Orioles, Manny Machado agree to 2018 contract

The Baltimore Orioles reached a contract agreement with Manny Machado to avoid an arbitration hearing.

Update 4:25:

The MLB deadline for teams to come to terms with arbitration-eligible players passed at 1 p.m. today, and for the Baltimore Orioles, it’s more about who they did not sign rather than who they did.

It’s the latest example of the Angelos family not committing to Manny Machado beyond 2018, who has been the subject of trade rumors for much of the offseason. One of baseball’s greatest talents has one year remaining with the Orioles before being eligible for free agency next season.

The news of the two sides coming to terms comes just hours after Josh Donaldson agreed to a $23 million deal with the Toronto Blue Jays, a record for an arbitration-eligible player. Donaldson and Machado are both represented by MVP Sports Group.

Machado was reportedly projected to make $17.3 million this season, according to MLBTradeRumors.com. That would have been $5.8 million more than his 2017 salary of $11.5 million. Instead, he will take less.

Baltimore could still reach an agreement with the rest of the group before the hearing as they did with Kevin Gausman after the deadline last offseason. The Orioles also have a track record of winning arbitration hearings, but they’ve never had a player of this magnitude reach this stage either.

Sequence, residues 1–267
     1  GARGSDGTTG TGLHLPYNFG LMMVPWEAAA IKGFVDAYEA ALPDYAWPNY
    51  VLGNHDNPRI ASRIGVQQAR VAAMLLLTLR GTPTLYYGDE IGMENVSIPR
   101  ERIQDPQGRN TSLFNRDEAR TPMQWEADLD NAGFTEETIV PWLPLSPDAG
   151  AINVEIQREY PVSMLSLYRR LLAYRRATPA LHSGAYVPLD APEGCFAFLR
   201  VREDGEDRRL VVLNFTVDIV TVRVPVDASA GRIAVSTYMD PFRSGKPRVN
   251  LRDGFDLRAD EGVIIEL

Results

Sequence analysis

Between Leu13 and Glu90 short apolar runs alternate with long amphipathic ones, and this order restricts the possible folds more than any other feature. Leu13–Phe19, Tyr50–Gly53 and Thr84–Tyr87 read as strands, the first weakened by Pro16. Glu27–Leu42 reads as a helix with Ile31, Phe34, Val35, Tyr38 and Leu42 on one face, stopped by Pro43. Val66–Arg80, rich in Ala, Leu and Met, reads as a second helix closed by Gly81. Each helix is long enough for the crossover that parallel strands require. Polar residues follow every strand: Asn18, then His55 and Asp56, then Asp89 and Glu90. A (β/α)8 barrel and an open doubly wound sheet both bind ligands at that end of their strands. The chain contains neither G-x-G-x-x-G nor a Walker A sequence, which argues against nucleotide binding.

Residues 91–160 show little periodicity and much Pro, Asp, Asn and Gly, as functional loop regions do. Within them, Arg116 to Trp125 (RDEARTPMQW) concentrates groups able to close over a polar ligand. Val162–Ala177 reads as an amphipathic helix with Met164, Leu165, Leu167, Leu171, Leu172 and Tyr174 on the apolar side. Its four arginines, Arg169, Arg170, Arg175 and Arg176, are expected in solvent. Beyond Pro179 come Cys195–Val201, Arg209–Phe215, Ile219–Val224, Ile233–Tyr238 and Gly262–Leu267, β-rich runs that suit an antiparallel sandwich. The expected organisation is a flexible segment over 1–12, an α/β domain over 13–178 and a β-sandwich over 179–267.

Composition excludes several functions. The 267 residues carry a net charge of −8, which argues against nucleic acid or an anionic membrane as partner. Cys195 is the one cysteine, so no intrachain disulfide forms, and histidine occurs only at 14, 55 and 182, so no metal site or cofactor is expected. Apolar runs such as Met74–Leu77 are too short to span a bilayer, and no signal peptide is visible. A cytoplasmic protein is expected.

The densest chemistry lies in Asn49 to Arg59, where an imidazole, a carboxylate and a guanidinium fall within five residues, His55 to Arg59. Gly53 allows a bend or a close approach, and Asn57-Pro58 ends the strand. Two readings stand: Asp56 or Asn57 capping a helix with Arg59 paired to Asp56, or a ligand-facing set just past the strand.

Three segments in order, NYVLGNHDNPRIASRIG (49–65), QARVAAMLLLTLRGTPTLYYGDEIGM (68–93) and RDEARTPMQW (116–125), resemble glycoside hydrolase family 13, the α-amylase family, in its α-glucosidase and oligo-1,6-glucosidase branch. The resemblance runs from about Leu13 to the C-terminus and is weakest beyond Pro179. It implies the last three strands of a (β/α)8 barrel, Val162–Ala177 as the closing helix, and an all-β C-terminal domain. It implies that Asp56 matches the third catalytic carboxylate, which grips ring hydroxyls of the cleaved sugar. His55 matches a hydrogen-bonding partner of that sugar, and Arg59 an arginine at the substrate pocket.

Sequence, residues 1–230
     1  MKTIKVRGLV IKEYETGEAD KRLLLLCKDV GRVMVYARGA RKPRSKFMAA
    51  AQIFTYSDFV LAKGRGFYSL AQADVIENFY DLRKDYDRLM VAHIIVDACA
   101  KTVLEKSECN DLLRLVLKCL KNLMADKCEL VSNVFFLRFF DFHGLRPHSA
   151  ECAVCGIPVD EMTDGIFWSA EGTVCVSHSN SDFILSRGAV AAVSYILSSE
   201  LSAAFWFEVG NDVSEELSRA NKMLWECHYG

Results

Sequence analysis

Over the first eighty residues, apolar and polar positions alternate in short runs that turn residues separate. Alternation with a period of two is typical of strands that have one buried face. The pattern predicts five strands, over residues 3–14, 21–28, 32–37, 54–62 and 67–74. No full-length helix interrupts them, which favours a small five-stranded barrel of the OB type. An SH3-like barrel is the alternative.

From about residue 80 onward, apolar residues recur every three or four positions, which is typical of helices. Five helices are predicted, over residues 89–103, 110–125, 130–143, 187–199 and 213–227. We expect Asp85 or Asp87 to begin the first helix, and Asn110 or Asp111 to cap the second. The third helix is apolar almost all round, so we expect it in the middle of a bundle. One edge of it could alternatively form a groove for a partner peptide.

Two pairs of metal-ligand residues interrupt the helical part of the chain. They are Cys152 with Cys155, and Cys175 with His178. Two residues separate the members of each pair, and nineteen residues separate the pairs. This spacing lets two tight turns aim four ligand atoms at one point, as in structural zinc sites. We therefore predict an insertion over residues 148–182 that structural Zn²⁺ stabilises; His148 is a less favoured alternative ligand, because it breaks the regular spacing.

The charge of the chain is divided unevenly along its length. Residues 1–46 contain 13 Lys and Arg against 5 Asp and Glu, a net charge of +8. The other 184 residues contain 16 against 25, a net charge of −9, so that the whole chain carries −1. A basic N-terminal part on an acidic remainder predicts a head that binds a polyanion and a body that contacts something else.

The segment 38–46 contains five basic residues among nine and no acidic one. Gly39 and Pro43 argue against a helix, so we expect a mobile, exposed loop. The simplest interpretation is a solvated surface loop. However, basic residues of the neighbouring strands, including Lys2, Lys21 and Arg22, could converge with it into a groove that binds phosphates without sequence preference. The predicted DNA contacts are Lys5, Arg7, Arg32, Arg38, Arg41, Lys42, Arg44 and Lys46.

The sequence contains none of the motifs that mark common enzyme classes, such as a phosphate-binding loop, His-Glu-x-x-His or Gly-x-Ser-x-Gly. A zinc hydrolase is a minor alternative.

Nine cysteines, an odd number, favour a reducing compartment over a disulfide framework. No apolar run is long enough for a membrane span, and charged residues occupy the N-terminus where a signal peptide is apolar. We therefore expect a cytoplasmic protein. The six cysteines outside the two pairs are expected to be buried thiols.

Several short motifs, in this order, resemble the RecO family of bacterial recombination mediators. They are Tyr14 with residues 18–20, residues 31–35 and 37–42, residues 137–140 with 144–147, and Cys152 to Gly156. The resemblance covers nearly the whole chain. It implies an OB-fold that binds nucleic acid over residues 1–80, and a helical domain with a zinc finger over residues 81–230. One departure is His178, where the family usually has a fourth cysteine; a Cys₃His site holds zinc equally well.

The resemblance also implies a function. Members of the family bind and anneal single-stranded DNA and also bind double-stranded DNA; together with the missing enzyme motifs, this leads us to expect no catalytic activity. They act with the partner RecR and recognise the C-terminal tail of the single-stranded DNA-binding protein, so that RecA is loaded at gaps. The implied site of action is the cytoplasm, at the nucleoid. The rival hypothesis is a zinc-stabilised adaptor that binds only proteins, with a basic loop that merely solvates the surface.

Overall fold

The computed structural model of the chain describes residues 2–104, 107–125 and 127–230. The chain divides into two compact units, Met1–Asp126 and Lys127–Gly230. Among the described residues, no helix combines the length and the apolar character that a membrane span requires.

Zach Britton and the Orioles did come to agreement on a $12 million deal. The closer will miss a good portion of the season with an Achilles tear. Baltimore was forced to pay Britton because they tendered him before the injury.

Brad Brach also reached an agreement late in the afternoon Friday.

We are still awaiting word on the statuses of Jonathan Schoop, Tim Beckham and Gausman, who are also arbitration-eligible.

This story will be updated as more information becomes available.

Joe Serpico
Joe learned his journalistic ways in the halls of Annenberg and McGonigle en route to becoming Temple Made. He was a Temple News contributor, and the lead reporter for the 2011 NCAA Women's Basketball Championship. A die-hard Philadelphia sports fan, Joe has suffered through many years of letdowns by his hometown teams.